Technology is rapidly changing the way we engage with, acquire, and process data, even in healthcare.
“X-rays used to be taken on film and processed chemically in a dark room. Technology has tremendously reduced the time to process images via methods such as Computed Radiography and Digital Radiography” explains Asma Challiwala.
Asma completed her Bachelors of Science from the University of Toronto – St. George campus, majoring in Chemistry and Biochemistry. “My program was heavily lab-based. So I often worked with laboratory instruments. I enjoyed it but I wanted to work in frontline healthcare with patients as well,” she replies.
Asma learned of the collaborative Medical Radiation Sciences program between the University of Toronto and Michener Institute of Applied Health Sciences through a career centre pamphlet. “In the three branches of Medical Radiation Sciences –Nuclear Medicine, Radiation Therapy and Radiological Technology – I was drawn to the latter. It offered just the right combination of technology, patient care, and dynamics in the work environment,” she says.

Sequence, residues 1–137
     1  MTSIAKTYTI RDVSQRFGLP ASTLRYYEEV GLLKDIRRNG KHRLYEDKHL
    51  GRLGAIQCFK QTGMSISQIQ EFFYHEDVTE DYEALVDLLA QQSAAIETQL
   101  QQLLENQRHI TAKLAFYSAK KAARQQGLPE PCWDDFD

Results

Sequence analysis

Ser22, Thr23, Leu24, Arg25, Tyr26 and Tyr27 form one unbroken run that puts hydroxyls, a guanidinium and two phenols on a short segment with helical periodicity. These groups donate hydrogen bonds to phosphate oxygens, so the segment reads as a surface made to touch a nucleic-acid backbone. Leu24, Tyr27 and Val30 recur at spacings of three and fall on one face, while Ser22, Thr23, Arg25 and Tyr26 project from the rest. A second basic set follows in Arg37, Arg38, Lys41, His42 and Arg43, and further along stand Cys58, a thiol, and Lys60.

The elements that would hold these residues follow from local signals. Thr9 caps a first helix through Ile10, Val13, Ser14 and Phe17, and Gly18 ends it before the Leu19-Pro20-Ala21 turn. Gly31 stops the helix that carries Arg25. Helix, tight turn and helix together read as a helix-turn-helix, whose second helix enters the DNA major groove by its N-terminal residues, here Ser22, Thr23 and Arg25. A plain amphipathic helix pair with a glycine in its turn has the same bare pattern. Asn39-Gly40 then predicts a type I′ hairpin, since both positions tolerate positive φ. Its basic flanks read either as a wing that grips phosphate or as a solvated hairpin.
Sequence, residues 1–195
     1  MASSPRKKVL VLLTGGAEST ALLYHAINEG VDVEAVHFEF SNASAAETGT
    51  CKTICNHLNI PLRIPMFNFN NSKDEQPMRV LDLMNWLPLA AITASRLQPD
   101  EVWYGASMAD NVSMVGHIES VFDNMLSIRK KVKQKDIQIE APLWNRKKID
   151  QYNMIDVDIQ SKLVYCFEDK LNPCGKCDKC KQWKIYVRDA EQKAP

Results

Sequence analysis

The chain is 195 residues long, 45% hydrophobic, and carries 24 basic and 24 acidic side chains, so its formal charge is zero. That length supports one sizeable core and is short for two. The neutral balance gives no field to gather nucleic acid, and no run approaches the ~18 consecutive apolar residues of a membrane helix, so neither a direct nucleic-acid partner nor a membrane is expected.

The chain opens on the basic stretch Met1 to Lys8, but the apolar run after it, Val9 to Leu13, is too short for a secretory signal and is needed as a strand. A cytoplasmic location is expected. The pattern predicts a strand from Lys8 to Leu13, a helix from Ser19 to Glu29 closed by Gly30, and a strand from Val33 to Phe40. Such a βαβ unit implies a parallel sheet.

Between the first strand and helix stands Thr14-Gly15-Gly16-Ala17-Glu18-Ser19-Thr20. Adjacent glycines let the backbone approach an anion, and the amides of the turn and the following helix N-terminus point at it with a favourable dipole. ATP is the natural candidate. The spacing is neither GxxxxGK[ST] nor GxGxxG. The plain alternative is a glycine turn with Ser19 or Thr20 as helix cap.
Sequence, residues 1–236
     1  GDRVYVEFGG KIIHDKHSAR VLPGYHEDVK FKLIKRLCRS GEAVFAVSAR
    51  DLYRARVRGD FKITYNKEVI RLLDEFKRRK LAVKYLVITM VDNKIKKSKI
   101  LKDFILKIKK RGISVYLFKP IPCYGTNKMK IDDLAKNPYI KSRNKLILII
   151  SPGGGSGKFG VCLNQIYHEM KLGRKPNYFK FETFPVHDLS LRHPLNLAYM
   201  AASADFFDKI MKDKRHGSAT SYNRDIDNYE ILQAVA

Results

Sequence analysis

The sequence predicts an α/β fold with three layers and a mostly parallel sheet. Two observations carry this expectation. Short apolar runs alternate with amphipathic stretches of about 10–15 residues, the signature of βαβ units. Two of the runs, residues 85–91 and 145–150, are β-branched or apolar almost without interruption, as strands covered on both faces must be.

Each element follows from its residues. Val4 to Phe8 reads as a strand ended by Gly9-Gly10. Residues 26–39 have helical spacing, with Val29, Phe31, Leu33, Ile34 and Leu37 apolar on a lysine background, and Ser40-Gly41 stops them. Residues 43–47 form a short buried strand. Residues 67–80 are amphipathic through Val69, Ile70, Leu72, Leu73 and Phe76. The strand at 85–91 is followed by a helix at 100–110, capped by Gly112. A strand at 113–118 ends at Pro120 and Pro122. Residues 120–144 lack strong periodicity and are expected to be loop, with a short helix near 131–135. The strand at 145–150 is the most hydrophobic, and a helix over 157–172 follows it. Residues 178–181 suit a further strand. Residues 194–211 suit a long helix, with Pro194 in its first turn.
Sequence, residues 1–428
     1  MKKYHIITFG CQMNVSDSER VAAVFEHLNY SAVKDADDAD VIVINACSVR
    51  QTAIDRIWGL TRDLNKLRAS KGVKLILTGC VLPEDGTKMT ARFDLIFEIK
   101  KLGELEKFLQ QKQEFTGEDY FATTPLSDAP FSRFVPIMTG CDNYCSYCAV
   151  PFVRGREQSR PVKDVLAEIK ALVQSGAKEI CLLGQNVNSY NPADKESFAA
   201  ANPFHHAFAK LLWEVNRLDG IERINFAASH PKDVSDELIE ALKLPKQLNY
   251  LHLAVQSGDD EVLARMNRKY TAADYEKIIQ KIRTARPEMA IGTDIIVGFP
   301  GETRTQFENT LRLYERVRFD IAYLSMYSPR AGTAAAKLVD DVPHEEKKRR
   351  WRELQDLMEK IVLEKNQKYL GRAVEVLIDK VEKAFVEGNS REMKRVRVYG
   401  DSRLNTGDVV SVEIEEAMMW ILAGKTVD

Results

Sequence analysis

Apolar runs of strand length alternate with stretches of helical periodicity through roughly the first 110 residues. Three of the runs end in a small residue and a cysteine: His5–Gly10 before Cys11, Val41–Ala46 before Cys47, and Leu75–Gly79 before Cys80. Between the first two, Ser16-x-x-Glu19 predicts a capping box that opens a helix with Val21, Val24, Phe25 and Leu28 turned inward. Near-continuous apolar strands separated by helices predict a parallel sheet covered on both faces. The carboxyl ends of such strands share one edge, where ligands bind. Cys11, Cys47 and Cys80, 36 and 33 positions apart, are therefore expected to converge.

Simulations and real-world experiences
Asma’s 3-year program included an 8-month clinical internship with the Toronto East General Hospital.
“Clinical simulations and labs in the first two years gave us experience in patient care in performing x-rays on actor patients. In the internship, we work with in-patients and out-patients in various departments,” she says.
The work involved a variety of different tasks and equipment. “We perform different procedures and use different imaging equipment as well. With every image, we must ensure we have an image of diagnostic quality so that the radiologist can make an effective diagnosis. You have to provide good patient care at the same time,” Asma explains.
To be certified as a Medical Radiation Technologist (MRT), Asma sat for – and successfully passed – the CAMRT exam. She currently works for a private clinic. “The MRT designation oversees four disciplines: Radiation Therapy, Radiological Technology, Nuclear Medicine, and Magnetic Resonance Imaging. After the exam, you have to be up-to-date via continuing education courses and seminars,” she explains.
Asma regrets not having talked to people to learn about different careers in undergrad; this would’ve saved her a lot of time.
“Talk to mentors, students, and family. Take initiative in your career,” she says. “If you’re someone who tends to be emotionally invested with a patient’s condition but enjoys working with them briefly in their care, this could be for you. Radiographers provide acute patient care. The procedures are fairly non-invasive, and we are not involved in the treatment or follow-up care of a patient”.
If you want to be an integral part of the healthcare team, look forward to a dynamic work environment, and enjoy constant learning and growth, explore the pathway!